He that won't be counsell'd, can't be help'd.

TRUTH SQUAD. Media Matters is exposing misinformation about unions, workers, and the Employee Free Choice Act.

INDULGENCES (of the religious variety) are making a comeback.

HEALTH CARE COSTS now exceed $8,100 per person in the US.

DON'T FORGET RECESS. Play and nature time is important for children's learning.


February 23, 2009

Poor Richard, old Ben

You know who. Image courtesy of wikipedia.

Many of the founders of the United States were brilliant and colorful people, but few had as interesting and varied a life as Benjamin Franklin (1706-1790). Author, revolutionary, entrepreneur, scientist, diplomat, citizen, innovator...the list could go on and on.

Before he was an actor on the world stage, Franklin published the popular Poor Richard's Almanac between 1732 and 1758 under the pseudonym Poor Richard or Richard Saunders. It contained all the usual calendar and weather stuff we associate with almanacs, but is best remembered today for Poor Richard's wit and wisdom, which ranged in subject from religion and politics to marriage, love, money, and lots more.

Along with the usual links and comments about current events, we'll be sampling a little of Poor Richard's fare this week at Goat Rope.

Why don't we start with the subject of foolishness?

The World is full of fools and faint hearts, and yet every one has courage enough to bear the misfortunes and wisdom enough to manage the affairs of his neighbor.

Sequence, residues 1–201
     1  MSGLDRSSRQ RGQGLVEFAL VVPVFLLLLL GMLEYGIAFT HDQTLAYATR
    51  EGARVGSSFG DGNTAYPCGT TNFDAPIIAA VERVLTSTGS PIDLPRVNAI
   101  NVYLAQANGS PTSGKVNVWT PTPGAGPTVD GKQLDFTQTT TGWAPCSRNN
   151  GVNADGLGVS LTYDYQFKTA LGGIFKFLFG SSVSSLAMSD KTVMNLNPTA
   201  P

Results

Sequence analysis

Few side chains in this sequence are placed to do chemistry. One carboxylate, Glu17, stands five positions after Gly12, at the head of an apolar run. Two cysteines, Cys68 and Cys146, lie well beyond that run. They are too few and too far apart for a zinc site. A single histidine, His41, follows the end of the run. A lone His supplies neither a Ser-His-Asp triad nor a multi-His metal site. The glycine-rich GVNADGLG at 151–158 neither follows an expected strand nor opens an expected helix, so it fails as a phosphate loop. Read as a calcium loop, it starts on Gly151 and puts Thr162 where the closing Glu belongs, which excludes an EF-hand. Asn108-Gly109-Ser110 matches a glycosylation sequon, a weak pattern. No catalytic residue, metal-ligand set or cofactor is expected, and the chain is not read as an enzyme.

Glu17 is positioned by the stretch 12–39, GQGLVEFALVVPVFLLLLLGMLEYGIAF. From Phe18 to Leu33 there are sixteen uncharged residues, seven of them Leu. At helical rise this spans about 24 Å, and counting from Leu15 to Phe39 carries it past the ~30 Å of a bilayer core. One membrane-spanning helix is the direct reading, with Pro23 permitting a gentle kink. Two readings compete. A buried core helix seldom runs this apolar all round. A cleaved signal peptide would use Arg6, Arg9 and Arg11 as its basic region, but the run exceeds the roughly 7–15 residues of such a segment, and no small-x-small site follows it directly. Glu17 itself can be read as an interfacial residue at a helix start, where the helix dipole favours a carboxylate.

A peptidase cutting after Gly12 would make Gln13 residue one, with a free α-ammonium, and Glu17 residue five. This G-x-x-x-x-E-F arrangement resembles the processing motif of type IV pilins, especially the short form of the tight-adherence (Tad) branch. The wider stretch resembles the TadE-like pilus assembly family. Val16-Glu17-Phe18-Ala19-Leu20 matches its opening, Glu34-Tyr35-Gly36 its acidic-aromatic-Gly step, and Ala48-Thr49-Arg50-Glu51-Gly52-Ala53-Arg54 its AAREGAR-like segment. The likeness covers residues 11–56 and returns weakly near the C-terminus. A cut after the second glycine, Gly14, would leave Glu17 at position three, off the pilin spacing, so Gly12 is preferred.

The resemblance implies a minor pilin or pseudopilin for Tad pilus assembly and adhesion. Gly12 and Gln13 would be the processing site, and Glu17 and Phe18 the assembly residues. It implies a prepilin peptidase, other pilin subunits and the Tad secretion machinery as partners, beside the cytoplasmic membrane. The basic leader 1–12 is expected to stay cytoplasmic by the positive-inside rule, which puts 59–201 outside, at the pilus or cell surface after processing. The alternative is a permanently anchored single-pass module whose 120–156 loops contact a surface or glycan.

Some things never change. But wait, there's more:

He's a Fool that cannot conceal his Wisdom

That reminds me of what a friend said about a certain politician, to wit "He's usually the smartest person in the room but isn't smart enough not to show it."

Poor Richard particularly enjoyed poking fun at educated fools:

A learned blockhead is a greater blockhead than an ignorant one.

The most exquisite Folly is made of Wisdom spun too fine.

It's unlikely that we'll ever be rid of fools or our own foolishness, which leads to a dilemma:

It is Ill-Manners to silence a Fool
and cruelty to let him go on.

BANK ON IT. Paul Krugman discusses nationalization here.

WHITHER CAPITALISM? In this op-ed, Benjamin Barber muses on the future of capitalism.

NICKNAMES, MESSIAHS AND MORE are discussed in the latest edition of the Rev. Jim Lewis' Notes from Under the Fig Tree.

MORE SUPREME FUN. El Cabrero missed this one last week. Here's a cover story from USA Today on the Don Blankenship/Massey Energy/WV Supreme Court saga.